Secure Communications

Does source code availability mean a more secure product?

Short answer: not necessarily.

Does the company provide all the code needed to compile the voice encryption product I can then install in my mobile phone or the one they include in the firmware of the phone they provide? If the answer is no, how do I know that the code they provide me for review is the same one they used to produce the software they installed in the phone? My understanding is that there is no way to verify that.

But even if the source code they are providing for review is the same one they used to compile their product, can’t the security be compromised by how their solution was implemented on the specific phone? Does it make sense to verify the encryption algorithm if I cannot make sure the other processes involved in securing my calls, including but not limited to voice de-coding and interaction with the phone OS, are also secure and free of programming errors or back-doors?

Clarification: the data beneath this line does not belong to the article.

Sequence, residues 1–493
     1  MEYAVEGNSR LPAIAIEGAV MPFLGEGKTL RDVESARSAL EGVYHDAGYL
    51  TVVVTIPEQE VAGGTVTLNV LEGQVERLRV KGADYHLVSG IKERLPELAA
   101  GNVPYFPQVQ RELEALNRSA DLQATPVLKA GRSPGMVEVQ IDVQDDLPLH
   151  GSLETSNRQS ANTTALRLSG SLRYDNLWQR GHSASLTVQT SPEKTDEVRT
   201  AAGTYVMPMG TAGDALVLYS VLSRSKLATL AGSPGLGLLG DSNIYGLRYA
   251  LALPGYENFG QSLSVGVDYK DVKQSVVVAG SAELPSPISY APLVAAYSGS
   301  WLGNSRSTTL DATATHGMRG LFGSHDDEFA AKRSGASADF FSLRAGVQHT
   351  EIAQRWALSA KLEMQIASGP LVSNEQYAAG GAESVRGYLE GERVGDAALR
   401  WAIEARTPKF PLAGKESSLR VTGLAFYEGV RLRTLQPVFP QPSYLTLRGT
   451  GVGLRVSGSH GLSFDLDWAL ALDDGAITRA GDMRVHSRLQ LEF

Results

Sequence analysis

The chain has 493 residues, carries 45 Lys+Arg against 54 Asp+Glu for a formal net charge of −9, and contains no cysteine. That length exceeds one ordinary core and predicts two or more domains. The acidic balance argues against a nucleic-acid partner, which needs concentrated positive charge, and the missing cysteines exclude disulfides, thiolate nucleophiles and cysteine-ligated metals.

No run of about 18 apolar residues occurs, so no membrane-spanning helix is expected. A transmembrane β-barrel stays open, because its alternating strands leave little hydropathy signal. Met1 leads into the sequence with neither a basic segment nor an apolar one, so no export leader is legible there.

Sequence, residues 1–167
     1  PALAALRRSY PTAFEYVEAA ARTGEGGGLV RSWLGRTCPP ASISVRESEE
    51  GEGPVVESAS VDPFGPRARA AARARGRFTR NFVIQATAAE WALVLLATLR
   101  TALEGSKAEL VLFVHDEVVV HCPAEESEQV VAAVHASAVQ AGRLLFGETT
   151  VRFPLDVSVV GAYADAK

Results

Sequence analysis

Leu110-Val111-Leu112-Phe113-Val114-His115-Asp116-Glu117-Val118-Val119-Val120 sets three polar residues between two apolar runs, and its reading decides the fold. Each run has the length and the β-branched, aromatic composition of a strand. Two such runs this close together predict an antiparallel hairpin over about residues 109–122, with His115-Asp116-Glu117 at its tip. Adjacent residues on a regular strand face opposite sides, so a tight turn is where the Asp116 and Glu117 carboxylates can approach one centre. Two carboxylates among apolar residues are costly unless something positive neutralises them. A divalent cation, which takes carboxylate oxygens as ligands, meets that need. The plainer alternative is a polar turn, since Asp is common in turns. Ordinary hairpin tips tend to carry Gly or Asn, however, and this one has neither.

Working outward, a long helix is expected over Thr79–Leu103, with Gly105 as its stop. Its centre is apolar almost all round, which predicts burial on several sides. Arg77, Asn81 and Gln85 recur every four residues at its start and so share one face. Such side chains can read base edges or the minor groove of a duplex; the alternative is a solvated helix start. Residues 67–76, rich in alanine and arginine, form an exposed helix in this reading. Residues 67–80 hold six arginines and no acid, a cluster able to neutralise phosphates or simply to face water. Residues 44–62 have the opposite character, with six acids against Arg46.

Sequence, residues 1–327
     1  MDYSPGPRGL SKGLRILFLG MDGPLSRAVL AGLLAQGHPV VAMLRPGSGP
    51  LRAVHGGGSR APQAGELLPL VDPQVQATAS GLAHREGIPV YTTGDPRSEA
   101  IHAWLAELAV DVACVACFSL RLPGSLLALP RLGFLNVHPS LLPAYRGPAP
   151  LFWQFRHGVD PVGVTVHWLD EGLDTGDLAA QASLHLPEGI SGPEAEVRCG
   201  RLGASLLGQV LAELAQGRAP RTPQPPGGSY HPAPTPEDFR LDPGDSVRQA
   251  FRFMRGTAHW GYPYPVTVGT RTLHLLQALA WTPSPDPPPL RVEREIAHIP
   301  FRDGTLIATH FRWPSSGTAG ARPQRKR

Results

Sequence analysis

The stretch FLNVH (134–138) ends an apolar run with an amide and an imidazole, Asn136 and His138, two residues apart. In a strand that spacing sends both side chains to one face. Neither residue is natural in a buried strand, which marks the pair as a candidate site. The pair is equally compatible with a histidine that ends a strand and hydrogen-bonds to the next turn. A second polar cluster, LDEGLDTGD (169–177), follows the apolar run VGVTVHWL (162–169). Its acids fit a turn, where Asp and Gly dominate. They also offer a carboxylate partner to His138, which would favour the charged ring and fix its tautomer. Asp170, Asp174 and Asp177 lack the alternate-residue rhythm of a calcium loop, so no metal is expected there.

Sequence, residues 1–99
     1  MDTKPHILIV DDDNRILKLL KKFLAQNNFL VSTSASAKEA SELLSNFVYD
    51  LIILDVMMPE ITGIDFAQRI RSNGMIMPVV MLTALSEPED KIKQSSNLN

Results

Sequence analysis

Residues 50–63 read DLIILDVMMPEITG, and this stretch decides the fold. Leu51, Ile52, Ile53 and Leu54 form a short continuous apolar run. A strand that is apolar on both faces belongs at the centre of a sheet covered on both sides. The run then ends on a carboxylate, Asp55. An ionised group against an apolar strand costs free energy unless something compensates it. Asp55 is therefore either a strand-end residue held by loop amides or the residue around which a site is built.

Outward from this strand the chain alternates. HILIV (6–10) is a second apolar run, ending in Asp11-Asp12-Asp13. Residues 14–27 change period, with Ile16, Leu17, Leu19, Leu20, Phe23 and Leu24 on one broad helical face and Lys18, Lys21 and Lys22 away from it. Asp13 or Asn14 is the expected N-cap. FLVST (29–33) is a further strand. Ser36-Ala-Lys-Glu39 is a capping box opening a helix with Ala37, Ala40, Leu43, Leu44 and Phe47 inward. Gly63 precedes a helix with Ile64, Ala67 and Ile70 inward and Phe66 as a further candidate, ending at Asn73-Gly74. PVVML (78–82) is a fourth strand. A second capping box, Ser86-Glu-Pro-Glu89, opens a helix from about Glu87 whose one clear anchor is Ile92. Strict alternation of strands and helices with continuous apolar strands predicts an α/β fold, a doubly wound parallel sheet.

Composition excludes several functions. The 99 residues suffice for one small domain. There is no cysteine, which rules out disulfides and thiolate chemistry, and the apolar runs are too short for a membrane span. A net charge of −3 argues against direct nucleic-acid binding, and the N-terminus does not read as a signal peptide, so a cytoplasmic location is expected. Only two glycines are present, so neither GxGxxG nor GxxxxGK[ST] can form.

And who is reviewing the code? Is there any incentive to do it? Are good an honest people investing their time in reviewing source code published by second tier vendors? Probably not. That the code is available does not necessarily mean that it is reviewed.

The other day I stumbled upon the web site of a company selling voice encryption products, and I sadly read their conclusion of why other vendors may not be offering their source code for review. They state they can only assume that the other vendors have something to hide, or that they may be afraid of competition, or trying to protect “so called” “trade secrets.” How sad is that?

In relation to protecting their “trade secrets,” I hope that’s true. My understanding is that trade secret protection lasts for as long as the secret is kept confidential.

Also, what do they mean by “so called trade secrets”? If it means they have a strong position against intellectual property protection, fine. But then the question would be why are they not just releasing the software as open source? Could that impact their “so called bottom line”?

In their web site they also state that they “have no (trade) secrets”. Really?

(written by uzimanu on 4/26/2007)



April 26, 2007 - Posted by | cellular phone, encryption, English, mobile, phone tap, privacy, security, tap, technology, wireless, wiretap

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